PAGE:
What “Not To Do” When Networking

Woman-out-of-patienceSo far we’ve covered:

  1. The three questions to ask before you network
  2. How to find places to network
  3. How to make time in your schedule to go networking
  4. What “To Do” When Networking

This topic, what “not to do” when networking, is the reason that this series came to be. Why? Because I met someone that definitely did a “don’t.” And I’m not sure she realized she did it, but I’ll get to that later.

The Do Not’s

Forget business cards
Too obvious? However, at some point, you’re probably going to forget your business card or not realize that you’re almost out until you go to put more in your bag. It happens to everyone. So, don’t forget to ask for the business cards of the people you’re talking to.

Talk excessively past the amount of time given
This is when you’re given 30 seconds or 3 minutes in front of the group to introduce yourself. Not all networking groups are set up like this, but when they are, honor everyone’s time by staying within the given time frame.

If you accidentally go over a little bit, people will be very forgiving. However, if you habitually take extra time, people will start to tune you out when you start to talk, because you’ve trained them to expect you to be a while.

Talk only to the people you know
You’re there to reconnect with people you know AND meet new people. Yes, you want to continue to develop the relationships you already have, but don’t do it at the expense of meeting new people.

Monopolize the conversation
Don’t spend the whole time talking about you! In fact, ask the other person to tell you about themselves first. Be curious about them, ask them questions. Some questions to get you started:

  • Tell me more about that.
  • How did you get started doing that?
  • How long have you been in that business?
  • What do you love most about doing that?

Monopolize someone’s time
It can be more comfortable to continue a conversation with someone you’re already chatting with then to find someone new to talk with. However, it’s best to recognize when it’s time to move on.

Sell at the event!
Do not sell at the networking event! Networking groups / events are for meeting new people and businesses (and continuing existing relationships). Yes, they maybe people that you do business with in the future or people that will do business with you, but do not try to sell someone your product or service there. That’s why you make appointments! (See the previous article HERE for more information)

Yes, if someone says, “I’d like to purchase x from you,” you’re certainly going to take care of that request, but you shouldn’t be trying to sell them your product or service – only telling them about it.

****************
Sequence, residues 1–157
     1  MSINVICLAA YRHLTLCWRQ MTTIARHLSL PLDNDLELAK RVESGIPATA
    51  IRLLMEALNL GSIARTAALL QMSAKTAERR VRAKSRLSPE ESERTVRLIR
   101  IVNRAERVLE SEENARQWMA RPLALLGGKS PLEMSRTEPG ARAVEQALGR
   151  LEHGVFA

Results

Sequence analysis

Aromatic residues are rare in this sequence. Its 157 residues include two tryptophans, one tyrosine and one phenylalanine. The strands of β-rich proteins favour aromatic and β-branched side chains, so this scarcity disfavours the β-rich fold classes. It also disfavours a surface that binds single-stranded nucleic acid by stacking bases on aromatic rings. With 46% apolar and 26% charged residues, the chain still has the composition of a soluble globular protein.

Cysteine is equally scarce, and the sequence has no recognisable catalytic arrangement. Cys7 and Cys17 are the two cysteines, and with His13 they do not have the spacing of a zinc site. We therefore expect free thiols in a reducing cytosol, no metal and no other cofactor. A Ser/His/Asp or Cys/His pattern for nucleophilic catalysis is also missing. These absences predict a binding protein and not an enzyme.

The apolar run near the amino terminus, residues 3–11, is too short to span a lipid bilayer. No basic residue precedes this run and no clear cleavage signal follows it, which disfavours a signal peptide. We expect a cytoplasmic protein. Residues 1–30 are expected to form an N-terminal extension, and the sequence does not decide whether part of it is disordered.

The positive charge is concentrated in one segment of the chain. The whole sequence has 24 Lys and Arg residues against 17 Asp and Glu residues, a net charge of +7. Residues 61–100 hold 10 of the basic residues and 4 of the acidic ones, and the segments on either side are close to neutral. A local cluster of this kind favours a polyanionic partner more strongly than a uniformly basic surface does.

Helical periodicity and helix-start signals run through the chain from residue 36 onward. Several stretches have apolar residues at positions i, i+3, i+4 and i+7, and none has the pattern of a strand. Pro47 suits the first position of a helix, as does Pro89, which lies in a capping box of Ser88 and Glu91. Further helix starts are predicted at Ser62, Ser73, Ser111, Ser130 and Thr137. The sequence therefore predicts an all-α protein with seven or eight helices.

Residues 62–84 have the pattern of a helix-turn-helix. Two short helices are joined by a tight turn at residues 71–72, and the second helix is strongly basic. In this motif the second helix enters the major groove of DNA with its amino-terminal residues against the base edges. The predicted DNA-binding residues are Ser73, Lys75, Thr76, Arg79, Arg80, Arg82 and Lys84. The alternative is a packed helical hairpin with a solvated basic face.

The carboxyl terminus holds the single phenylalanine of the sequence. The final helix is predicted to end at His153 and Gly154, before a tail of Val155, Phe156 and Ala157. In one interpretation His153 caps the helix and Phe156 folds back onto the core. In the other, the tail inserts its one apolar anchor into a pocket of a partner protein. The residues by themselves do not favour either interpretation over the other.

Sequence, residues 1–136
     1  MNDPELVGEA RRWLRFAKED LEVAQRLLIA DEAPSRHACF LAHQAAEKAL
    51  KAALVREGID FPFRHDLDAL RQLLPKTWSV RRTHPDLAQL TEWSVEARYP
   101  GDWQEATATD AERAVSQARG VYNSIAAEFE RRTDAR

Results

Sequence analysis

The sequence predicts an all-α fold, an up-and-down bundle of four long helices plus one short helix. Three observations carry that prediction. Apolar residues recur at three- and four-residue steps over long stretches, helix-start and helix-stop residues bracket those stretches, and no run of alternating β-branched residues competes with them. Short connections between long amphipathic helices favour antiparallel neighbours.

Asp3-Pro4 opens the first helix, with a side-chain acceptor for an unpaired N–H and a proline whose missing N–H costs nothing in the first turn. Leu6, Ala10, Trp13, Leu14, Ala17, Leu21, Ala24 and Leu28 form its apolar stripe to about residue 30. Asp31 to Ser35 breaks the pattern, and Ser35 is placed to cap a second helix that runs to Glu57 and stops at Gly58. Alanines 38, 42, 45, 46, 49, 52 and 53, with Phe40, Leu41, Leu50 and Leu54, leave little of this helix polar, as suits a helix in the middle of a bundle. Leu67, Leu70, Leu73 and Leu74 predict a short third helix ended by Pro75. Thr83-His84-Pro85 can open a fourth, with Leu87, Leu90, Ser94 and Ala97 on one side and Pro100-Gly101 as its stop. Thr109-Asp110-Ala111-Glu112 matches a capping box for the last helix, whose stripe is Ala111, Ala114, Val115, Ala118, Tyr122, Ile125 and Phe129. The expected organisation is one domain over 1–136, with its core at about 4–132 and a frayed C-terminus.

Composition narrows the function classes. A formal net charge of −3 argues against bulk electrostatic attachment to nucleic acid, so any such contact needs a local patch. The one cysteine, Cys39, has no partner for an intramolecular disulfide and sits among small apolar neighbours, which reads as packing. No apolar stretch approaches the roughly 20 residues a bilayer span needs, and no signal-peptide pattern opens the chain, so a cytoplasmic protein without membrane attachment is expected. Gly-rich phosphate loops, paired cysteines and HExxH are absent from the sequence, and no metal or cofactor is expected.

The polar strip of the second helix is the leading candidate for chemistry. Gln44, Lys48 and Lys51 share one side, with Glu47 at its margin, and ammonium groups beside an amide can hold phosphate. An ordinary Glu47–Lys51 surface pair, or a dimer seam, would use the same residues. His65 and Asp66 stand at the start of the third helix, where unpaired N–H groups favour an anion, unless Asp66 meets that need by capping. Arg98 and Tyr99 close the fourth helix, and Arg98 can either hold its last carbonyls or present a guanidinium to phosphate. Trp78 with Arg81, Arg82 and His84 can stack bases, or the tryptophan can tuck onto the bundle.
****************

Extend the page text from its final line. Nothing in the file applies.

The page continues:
Story Time
Yes, one reason this series on networking came about because someone tried to sell me their business opportunity at a networking event. She had a clear vision for the possibilities her business opportunity would give me and my business (good for her! She believed in herself and her company!), but she wasn’t listening when I told her I wasn’t interested (I believe my words were “that’s not the direction I want to go with my business”) and she continued to try to convince me to work with her.

I finally stopped her, thanked her for sharing,, and firmly told her I wasn’t interested. She finally understood and became very embarrassed and quickly moved on.

I share this story for three reasons:

  1. The networking event was not the appropriate time for her to pitch me her business opportunity. If she wanted to share how working with her might benefit me, she would have been better served to ask to meet with me later if I wanted to learn more. In other words, set up an appointment – where I would know what the purpose was.
  2. If you have a bad experience with one person when networking, do not give up on networking or that particular group or event. Recognize it for what it was, an unfortunate experience with one person, not with the group, event or networking as a whole. Just keep that in mind. I know those experiences can be really frustrating!
  3. Don’t be that person! If she continues to network that way she will probably find herself being avoided. Mending fences is possible, but can be difficult.

Be aware of the “do not’s” but focus more on the “do’s” and you’ll be in pretty good shape. Next week we’ll cover what to do when you get home after the event.

Do you have any additional “do not’s”? Share in the comments below!